Blogger: Wendy Lawton
It’s conference season and I’ve decided to share one of the best-kept conference secrets.
Here’s the secret: An appointment with an editor or agent is not the best way to connect.
Every time I go to a conference attendees are frantic to get on the appointment schedule. I wish I could convince them it’s not the best way to make an impression. Picture this: you finally get that longed-for appointment with your number one choice agent. Fifteen whole minutes after lunch. You stress about it from the time you get up in the morning. What to wear. What to bring. How to pitch. You go over your elevator pitch at least a dozen times.
You get to the appointment fifteen minutes early. The agent seems to be running late with the appointment ahead of you. Twenty of the worst minutes of your life pass and finally the agent smiles and signals for you to join her.
Just as you get settled someone else sidles up and turns to you, “Please excuse me I just have one thing to ask her and I’ll get out of your way.” Five minutes later the agent finally stands up to usher the clueless interloper away. The next two minutes she apologizes to you and asks if you can hold the fort for just a moment while she makes a quick pit stop.
She comes back and you have exactly one minute left. The next conferee slated to meet with this agent is already seated nearby, looking at his watch.
She says, “Don’t worry about the time. My fault,” and she leaves to explain to the next appointment that she’s running late.
Finally. You are sitting across from her and you go into your spiel. “Picture a deep cavern. Twenty people caught in the—”
She puts her hand on your arm. “Let’s back up. Let’s introduce ourselves first.”
You sputter your name, wondering if barfing on the table would make you memorable. Could this be going any worse?
“And you are writing fiction? Nonfiction?”
See what I mean? Could any setting be less likely to show you at your best?
So then, what’s the secret?
The best way to connect at a conference is in a relaxed, natural setting. One of the reasons I love the Mount Hermon Christian Writer’s Conference is that we have ten meals with conferees– eight to a table. And that doesn’t count breakfasts. I get to meet with seventy different conferees in a convivial, relaxed setting. We table hosts make it a point to go around the table and get to know each person and gain an insight into who they are and what they are writing. Here’s where I tend to hand out my business cards with an invitation to submit.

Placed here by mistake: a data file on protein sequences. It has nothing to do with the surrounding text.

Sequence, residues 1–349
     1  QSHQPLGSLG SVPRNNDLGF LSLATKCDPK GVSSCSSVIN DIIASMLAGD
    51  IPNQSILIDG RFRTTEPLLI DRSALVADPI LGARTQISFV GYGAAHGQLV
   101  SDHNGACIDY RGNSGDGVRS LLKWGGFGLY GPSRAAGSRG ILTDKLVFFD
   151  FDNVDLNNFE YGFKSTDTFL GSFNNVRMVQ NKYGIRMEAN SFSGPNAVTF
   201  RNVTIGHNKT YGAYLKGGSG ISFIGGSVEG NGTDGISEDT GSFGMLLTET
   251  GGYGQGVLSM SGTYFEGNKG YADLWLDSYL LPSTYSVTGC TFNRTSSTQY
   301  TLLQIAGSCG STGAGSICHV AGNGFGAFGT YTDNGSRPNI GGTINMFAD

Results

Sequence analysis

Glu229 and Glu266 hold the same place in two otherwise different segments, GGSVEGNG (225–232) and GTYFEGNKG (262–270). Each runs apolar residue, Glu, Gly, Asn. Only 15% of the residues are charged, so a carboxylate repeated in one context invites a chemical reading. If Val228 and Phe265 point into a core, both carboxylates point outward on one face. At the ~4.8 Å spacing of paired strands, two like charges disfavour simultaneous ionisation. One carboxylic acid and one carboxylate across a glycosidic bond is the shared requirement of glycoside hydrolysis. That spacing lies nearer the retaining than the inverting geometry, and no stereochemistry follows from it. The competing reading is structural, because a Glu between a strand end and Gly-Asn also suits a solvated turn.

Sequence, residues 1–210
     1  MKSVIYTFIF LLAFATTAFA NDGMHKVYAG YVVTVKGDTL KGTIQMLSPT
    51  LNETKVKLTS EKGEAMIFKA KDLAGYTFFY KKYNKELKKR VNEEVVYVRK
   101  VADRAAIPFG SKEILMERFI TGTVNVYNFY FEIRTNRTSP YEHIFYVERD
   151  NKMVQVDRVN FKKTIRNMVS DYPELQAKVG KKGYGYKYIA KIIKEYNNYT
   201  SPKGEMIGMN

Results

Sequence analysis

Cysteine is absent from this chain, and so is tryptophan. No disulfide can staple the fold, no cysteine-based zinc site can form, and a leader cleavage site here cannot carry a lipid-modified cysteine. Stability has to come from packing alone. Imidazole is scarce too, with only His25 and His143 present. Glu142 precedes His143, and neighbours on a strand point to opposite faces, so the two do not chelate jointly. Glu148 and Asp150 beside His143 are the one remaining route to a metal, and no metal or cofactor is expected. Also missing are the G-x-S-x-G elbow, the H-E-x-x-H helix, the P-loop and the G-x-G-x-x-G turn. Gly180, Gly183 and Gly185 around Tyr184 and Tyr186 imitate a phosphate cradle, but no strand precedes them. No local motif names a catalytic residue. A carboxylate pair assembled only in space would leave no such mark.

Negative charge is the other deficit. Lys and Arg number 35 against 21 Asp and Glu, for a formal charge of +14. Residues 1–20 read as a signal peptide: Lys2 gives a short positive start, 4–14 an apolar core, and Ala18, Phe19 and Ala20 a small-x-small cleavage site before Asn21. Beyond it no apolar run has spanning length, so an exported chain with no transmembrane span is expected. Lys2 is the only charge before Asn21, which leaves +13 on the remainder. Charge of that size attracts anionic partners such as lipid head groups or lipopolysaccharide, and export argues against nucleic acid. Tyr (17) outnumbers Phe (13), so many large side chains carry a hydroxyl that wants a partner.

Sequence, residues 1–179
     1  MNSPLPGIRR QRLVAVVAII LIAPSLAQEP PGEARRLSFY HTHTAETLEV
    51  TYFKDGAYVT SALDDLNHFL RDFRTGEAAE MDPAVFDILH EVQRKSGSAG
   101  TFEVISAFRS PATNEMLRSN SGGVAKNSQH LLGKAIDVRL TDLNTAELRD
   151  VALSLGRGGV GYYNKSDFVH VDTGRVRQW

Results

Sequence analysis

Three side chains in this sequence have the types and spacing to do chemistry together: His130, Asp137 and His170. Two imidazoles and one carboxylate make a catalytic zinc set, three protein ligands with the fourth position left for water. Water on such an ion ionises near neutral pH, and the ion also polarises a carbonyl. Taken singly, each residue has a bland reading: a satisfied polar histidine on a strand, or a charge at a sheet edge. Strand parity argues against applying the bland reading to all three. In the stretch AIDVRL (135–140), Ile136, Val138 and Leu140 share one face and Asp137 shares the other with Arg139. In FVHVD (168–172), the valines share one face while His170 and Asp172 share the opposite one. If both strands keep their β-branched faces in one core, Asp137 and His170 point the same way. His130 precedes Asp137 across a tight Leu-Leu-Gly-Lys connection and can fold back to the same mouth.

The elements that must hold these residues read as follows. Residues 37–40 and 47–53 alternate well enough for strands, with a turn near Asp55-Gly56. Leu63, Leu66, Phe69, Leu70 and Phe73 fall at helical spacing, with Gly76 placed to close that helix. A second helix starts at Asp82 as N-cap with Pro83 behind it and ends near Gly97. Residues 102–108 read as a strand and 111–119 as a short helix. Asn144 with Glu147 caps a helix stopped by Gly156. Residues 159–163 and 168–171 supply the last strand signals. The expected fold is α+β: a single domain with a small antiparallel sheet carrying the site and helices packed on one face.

Here are a few reasons why this is my preferred setting:
- I get to meet the person in context. I see how they connect with others. I see them laugh and joke and encourage new writers. They are not thinking about pitching me but when they tell the table about their project and fellow conferees ask questions, I get a much fuller picture than I could ever get after doing a dozen-plus fifteen-minute appointments in a row.
- Often a conferee will sit with a friend. They humbly begin telling us about themselves and the friend breaks in to say the wonderful things the conferee would never say himself. I get a much fuller picture.
- The potential client gets to ask me questions and see how I react to others around me. Here’s another secret: this is a two-way street. Over a meal I can also be evaluated. The conferee gets to observe the “normal” me. Is this someone you could trust with your career?
- I delight in seeing where God is already at work. I almost never fail to witness what will be lifelong connections between writers at my table. Watching this happening is humbling and a sign of great things to come.
- And, besides meals, faculty members are sometimes just sitting around a fire pit or on a bench. Consider this an open invitation to sit down and have a word with them. If they wanted to be alone they’d be holed up in their rooms.
Remember something I’ve said often– it’s no secret– it will probably take more than one meeting to sign on the dotted line. Talk to any of my clients about how our partnership came about. I think you’ll be surprised.
So now, it’s your turn to share about appointments vs. informal meetings. Tell us your stories.